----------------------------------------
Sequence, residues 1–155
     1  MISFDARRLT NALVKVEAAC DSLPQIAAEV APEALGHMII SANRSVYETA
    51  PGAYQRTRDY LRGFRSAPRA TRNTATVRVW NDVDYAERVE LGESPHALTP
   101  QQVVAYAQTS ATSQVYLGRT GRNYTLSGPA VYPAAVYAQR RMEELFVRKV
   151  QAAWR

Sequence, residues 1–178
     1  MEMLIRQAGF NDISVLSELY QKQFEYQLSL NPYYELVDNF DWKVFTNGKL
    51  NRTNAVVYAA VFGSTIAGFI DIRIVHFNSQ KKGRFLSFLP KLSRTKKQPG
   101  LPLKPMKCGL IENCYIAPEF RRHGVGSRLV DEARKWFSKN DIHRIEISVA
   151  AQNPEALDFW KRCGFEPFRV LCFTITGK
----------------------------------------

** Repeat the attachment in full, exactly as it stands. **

Sequence, residues 1–155
     1  MISFDARRLT NALVKVEAAC DSLPQIAAEV APEALGHMII SANRSVYETA
    51  PGAYQRTRDY LRGFRSAPRA TRNTATVRVW NDVDYAERVE LGESPHALTP
   101  QQVVAYAQTS ATSQVYLGRT GRNYTLSGPA VYPAAVYAQR RMEELFVRKV
   151  QAAWR

Sequence, residues 1–178
     1  MEMLIRQAGF NDISVLSELY QKQFEYQLSL NPYYELVDNF DWKVFTNGKL
    51  NRTNAVVYAA VFGSTIAGFI DIRIVHFNSQ KKGRFLSFLP KLSRTKKQPG
   101  LPLKPMKCGL IENCYIAPEF RRHGVGSRLV DEARKWFSKN DIHRIEISVA
   151  AQNPEALDFW KRCGFEPFRV LCFTITGK